Cru Volleyball Starts Conference Run
Sep24

Cru Volleyball Starts Conference Run

The volleyball team has been on fire lately and has no plans to cool down anytime soon. They are 13-2 with a good number of those wins coming against quality opponents. The women will be looking to continue those winning ways as they work through conference play. The ladies have already seen their dedication in the offseason pay dividends not even halfway through their season. Head coach Rob Frost said, “I think the biggest thing is that the girls worked out hard all summer. They came in in great shape. Physically we are playing high above the net and playing very fast, so it’s been good.” Conference play has just begun for the Cru, but it wasn’t anything that the team couldn’t handle. “We’ve had a really good preseason so far, especially getting wins against several regionally ranked teams. I think that we’re ready for our conference games but still have some growing to do, especially having one of the youngest teams in the conference,” sophomore mathematics major Kendall Pye said. The American Southwest Conference has been a competitive volleyball conference in years past, and that trend doesn’t look like it will change this year. With multiple teams boasting winning records, the competition looks as though it will be close throughout the season. “Our conference is looking really good this year. Many of the teams that were good last year are doing well again. And some others have shown a lot of improvement from last season,” Pye said. Frost agreed that the conference looks tough from the top down. “You got to play everybody hard, or anyone will beat you. There are a few teams that will be very tough, but I feel like we could have a good level of success if we keep working hard and keep getting better.” If you didn’t have a roster in front of you, it would seem like the team was full of juniors and seniors. But this is not the case. The team is relatively young with only one junior and the rest being sophomores and freshmen. “It’s very cool that we are such a young team. We work hard every day and want to prove that age isn’t what makes a team great. We have had some big wins, and I know we will accomplish great things throughout the rest of our season,” sophomore education major Kendra Feldmann said. The Crusaders’ next home game will be Oct. 25. The women will be traveling more than usual. It’s something the team thinks will be difficult, but not anything that will distract them from their goal. “It will be very tiring being...

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Twitter Trending in Campus Classrooms

The move to an education driven by new technology has taken its next step. A number of students were surprised to see Twitter mentioned in their syllabi. The whole campus hasn’t taken on this approach yet, but many professors are giving it a try this semester, and so far it seems to be trending. It may be hard to see how Twitter is relevant in the classroom. But with so many employers and businesses using Twitter in the work place, it is giving the students a chance to see how social media can be beneficial instead of just a place to vent their problems. One professor who has incorporated Twitter in her curriculum is communication assistant professor Avery Reese. She has already seen some positives come out of this decision. “So far it’s proved to be very useful in creating dialogue and continuing dialogue with students even after class has ended. Social media is an additional mode of communication that students are already using for their personal life … so I figured why not add an academic element to the mix.” As one might believe, this was well received by the students who are allowed to use Twitter for class purposes. “I was kind of surprised to hear we were using Twitter in class,” junior public relations major Andi Hale said. “I thought it was a really cool way to incorporate something that we enjoy with our class content.” It’s understandable that not every class on campus will be able to make Twitter a tool that corresponds with the course material. In the Intro to Business class, taught by BCIS Associate Professor Effel Harper  students learn practical applications for social media. “Businesses use social media, so its actually an important thing for the business world,” junior psychology major Donavan Catron said. The millennial generation is one that many have found to be highly dependent on social media outlets. For example, it wouldn’t be a stretch to say that the majority of the student body gets its news from Twitter or some other social media entity. “Considering that I don’t really have all that much time to watch the news, I resort to finding out what is going on in the world off of my Twitter account. So I can see how professors could use this as an educational tool,” junior physical therapy major Jeremy Corbin said. Twitter and other social media aren’t necessarily the key focus of any class, but they are used as a complement to the  class topics and  lectures. Reese believes that Twitter is something that could be relevant in the business world for a while....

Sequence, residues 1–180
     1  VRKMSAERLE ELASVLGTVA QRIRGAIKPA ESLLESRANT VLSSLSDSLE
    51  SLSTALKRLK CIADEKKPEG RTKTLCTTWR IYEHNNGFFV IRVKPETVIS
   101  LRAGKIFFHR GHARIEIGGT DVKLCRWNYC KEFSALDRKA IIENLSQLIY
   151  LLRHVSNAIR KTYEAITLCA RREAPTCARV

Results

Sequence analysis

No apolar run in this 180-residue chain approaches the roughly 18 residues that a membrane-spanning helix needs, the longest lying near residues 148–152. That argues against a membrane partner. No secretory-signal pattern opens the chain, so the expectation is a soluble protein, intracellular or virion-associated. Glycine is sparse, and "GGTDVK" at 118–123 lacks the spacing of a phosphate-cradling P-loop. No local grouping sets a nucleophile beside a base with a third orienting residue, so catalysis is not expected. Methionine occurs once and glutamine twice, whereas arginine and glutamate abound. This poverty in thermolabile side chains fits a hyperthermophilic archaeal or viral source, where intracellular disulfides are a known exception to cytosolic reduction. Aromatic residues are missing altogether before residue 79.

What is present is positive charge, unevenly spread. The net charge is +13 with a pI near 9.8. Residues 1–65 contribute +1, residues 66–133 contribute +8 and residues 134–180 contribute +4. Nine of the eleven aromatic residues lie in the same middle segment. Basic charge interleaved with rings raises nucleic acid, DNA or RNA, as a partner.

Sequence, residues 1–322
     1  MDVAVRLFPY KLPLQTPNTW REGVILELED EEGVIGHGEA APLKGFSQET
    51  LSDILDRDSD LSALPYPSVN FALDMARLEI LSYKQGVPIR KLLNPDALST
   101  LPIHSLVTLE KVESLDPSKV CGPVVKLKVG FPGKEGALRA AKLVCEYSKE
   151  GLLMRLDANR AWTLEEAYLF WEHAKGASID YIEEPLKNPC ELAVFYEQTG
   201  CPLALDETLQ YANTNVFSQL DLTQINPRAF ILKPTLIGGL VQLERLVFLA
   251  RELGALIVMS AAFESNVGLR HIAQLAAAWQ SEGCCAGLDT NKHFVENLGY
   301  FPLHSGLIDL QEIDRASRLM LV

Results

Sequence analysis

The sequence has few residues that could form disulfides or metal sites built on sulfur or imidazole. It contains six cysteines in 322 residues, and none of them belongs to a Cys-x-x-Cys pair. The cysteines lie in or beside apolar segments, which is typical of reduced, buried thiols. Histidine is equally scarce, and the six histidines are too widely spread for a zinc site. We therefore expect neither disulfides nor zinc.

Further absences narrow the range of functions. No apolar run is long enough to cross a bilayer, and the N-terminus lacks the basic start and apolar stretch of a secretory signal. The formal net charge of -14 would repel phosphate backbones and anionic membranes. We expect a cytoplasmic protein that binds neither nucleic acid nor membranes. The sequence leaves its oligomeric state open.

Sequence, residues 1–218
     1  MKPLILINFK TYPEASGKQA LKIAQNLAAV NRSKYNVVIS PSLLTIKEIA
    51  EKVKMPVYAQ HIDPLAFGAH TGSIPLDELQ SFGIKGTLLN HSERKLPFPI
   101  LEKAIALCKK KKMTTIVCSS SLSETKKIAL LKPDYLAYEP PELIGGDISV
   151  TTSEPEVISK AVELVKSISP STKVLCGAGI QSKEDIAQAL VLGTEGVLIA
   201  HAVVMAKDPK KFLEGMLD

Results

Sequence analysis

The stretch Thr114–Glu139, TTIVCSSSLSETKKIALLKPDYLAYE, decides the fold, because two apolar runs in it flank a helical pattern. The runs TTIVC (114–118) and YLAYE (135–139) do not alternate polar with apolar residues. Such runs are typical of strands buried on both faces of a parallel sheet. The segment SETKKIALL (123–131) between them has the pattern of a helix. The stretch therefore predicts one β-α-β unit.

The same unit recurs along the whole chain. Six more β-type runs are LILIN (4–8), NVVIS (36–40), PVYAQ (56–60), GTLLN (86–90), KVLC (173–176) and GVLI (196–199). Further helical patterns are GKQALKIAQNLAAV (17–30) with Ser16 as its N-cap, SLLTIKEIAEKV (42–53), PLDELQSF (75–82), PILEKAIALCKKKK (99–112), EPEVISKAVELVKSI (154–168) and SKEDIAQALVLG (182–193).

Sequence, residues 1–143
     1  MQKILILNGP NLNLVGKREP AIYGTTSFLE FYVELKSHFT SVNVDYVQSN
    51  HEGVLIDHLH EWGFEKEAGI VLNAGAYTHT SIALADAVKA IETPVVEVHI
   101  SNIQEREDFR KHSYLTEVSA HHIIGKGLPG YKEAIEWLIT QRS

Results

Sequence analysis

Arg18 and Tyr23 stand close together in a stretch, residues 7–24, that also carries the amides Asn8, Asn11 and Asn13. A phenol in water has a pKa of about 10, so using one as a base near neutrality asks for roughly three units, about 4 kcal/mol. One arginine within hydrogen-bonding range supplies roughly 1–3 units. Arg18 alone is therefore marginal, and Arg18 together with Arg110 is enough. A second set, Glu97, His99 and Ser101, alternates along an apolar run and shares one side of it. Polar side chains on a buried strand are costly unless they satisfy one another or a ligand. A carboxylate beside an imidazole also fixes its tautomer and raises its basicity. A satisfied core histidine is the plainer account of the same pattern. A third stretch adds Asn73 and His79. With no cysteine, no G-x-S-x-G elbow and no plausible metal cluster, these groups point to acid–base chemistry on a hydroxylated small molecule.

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Crusaders Take Care of Business in California
Sep10

Crusaders Take Care of Business in California